AT ITS WILDEST
Lankika de Livera experiences the unspoilt beauty of
Kumana is the ultimate dream destination in this country for any
wild life enthusiast. An unspoilt park, almost completely cut off
from civilization, one needs a four-wheel drive vehicle to reach
it as the approach is difficult and the road is in a bad condition.
was closed for 18 years due to terrorist activity and was opened
to the public only two years ago. Located approximately 391 km from
Colombo, it is also known as the Yala East National Park and is
18,149 hectares in extent. Situated in the Ampara district with
its northern fringes belonging to Moneragala district, Kumana has
some of the best camping sites in the country.
via Wellawaya, Moneragala, Pottuvil, Panama, Okanda and Kumana with
our World Travel Centre Colombo Group, we spent the night at Arugam
Bay and set off the next morning after breakfast in a four wheel
drive jeep to Kumana. Pot holes like huge craters dotted the road
and the tsunami damage too was evident. The road is narrow from
Arugam Bay and our jeep raised an incredible amount of dust, coating
our eyelashes, clothes and heads too. Travelling in an open jeep,
one has to go through this experience and it is essentially an integral
part of being one with the jungle; the smells, sounds and feel which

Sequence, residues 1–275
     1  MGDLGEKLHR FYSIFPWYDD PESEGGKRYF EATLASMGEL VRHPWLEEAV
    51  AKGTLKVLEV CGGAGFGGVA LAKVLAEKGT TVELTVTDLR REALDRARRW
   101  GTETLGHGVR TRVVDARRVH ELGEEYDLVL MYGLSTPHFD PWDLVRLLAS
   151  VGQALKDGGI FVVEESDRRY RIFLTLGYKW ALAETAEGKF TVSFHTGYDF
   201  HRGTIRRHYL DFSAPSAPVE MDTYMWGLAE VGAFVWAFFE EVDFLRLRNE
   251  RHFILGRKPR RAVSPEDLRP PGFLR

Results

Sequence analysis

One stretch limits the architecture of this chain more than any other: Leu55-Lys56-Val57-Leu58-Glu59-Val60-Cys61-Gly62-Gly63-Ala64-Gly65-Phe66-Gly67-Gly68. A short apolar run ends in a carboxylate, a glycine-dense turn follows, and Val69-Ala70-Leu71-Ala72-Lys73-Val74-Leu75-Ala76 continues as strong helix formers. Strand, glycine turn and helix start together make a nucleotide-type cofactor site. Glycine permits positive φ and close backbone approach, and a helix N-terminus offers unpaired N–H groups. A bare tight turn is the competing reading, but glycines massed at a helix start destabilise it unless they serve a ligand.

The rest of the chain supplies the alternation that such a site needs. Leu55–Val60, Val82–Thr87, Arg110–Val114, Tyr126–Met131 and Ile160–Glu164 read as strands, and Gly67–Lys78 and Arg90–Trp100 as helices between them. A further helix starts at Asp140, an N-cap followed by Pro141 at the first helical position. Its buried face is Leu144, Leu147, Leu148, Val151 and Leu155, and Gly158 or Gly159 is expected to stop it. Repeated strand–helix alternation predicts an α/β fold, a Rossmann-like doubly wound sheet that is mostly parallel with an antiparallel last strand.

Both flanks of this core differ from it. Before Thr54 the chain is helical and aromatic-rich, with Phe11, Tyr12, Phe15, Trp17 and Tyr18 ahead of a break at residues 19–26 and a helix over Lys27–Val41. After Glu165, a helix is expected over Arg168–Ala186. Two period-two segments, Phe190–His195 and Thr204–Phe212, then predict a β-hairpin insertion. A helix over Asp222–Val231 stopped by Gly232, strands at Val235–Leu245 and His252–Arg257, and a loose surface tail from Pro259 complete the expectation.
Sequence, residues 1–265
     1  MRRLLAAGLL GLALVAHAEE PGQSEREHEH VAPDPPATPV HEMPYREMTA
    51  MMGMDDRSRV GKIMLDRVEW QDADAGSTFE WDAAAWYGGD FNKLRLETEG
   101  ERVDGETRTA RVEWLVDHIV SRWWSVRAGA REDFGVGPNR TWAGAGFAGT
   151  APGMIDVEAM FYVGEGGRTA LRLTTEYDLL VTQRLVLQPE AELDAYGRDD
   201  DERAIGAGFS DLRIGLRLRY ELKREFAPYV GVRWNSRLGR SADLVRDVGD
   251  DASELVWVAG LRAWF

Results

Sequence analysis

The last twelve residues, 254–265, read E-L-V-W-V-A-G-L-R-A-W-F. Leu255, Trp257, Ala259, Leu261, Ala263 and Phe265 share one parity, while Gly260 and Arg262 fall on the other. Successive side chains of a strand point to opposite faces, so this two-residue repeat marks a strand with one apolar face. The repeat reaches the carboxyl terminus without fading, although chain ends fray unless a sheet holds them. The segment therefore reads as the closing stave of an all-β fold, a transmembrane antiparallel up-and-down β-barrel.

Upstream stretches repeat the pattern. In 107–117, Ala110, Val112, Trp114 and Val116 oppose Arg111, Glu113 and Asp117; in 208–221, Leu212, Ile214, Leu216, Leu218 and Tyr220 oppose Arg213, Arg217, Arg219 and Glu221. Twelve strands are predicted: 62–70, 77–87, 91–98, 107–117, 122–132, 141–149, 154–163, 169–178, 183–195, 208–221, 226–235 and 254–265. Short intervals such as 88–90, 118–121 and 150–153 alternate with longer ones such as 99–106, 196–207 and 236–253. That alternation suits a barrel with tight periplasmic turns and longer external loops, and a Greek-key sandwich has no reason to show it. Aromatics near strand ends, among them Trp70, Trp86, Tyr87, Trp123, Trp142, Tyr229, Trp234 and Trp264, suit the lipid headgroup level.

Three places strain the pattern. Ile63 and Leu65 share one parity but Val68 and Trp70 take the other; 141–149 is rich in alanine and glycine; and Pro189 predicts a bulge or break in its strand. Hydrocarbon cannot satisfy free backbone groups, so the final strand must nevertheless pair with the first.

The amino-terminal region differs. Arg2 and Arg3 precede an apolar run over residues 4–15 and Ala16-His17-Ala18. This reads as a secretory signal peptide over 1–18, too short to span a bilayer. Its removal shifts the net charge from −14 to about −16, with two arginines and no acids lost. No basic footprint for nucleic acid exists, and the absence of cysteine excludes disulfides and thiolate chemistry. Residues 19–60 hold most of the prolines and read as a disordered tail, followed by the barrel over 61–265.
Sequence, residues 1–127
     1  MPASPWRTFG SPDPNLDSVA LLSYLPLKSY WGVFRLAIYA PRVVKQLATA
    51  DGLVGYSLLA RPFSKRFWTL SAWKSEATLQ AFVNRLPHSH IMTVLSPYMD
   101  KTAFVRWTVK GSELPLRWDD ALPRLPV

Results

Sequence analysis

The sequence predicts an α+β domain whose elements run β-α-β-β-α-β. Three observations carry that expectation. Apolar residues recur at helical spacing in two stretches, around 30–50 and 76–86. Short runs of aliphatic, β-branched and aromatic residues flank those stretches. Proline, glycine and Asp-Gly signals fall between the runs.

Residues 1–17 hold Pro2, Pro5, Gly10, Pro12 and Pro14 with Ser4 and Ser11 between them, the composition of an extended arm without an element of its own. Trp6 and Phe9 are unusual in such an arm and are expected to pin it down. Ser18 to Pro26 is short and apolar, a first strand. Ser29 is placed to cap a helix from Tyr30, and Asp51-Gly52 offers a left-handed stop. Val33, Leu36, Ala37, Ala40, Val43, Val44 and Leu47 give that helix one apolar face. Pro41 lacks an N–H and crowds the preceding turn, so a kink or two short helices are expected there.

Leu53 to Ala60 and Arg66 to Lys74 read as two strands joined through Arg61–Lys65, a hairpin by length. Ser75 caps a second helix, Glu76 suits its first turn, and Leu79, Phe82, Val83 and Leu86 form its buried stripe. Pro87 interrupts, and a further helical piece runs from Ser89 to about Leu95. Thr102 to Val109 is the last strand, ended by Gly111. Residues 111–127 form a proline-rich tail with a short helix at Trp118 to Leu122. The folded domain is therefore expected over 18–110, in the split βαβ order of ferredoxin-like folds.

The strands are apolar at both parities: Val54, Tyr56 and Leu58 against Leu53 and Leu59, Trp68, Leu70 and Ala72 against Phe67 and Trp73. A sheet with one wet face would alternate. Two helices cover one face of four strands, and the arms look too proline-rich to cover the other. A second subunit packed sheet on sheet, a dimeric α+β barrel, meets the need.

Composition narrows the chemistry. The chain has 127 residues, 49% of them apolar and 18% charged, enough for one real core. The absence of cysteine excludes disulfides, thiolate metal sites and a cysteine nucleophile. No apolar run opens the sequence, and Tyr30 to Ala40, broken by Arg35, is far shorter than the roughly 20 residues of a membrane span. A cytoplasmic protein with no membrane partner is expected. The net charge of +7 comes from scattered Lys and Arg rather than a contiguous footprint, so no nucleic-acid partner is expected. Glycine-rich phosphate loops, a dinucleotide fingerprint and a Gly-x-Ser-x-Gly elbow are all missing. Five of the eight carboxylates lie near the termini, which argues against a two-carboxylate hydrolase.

one would lose out on if one were to travel in enclosed air-conditioned
Kumana Park has a small office and inadequate facilities for the
staff so much so that Park Warden D.P Seyasingha has no option but
to sleep in the office. Staff is very scarce and safeguarding and
protecting the animals from poachers is near impossible without
adequate resources. However, the park is rich in avifauna for which
it is famous as much as the diversity of the other wild life such
as leopard, elephants, deer, hare, packs of jackal and huge lazing
estuarine and marsh crocodiles.
every villu we passed there were massive estuarine crocodiles some
as big as five metres long lying beside the water in pairs, with
their mouths open wide, jagged teeth showing in the heat of the
day. Apparently, they cool their systems in this manner by passing
out their body heat through their mouths.
The park is divided into two blocks and forms a most fascinating
region of scenic beauty, consisting of lagoons, many natural and
restored water holes, tanks, natural rock pools, rocky outcrops,
ridges, open parkland, scrub jungle and forests.
Kumbukkan Oya flows 28 km. along the southern boundary to form the
Kumana estuary and villu before it flows to the sea. The confluence
of the Alakola ara and other streams flow to Kumbukkan Oya and smaller
streams such as the Girikula and Bagura ara flow to their respective
Fauna International Trust’s book “Yala National Park”
records that the forest area in Kumana conceals an ancient civilization
dating from about 3rd century B.C. to about the 10th century A.D.
Approximately 24 km. of the eastern boundary is sea coast where
three species of sea turtles come to nest undisturbed by human activities,
but the eggs are preyed upon by natural enemies – wild boar,
crab and jackal.
with the sea coast are the serene, undulating sand dunes with the
vegetation peculiar to such an environment and five lagoon sand
spits across the Girikula, Andarakala, Bagura, Itikala and Yakala.
These lagoons have a variety of aquatic fauna and flora.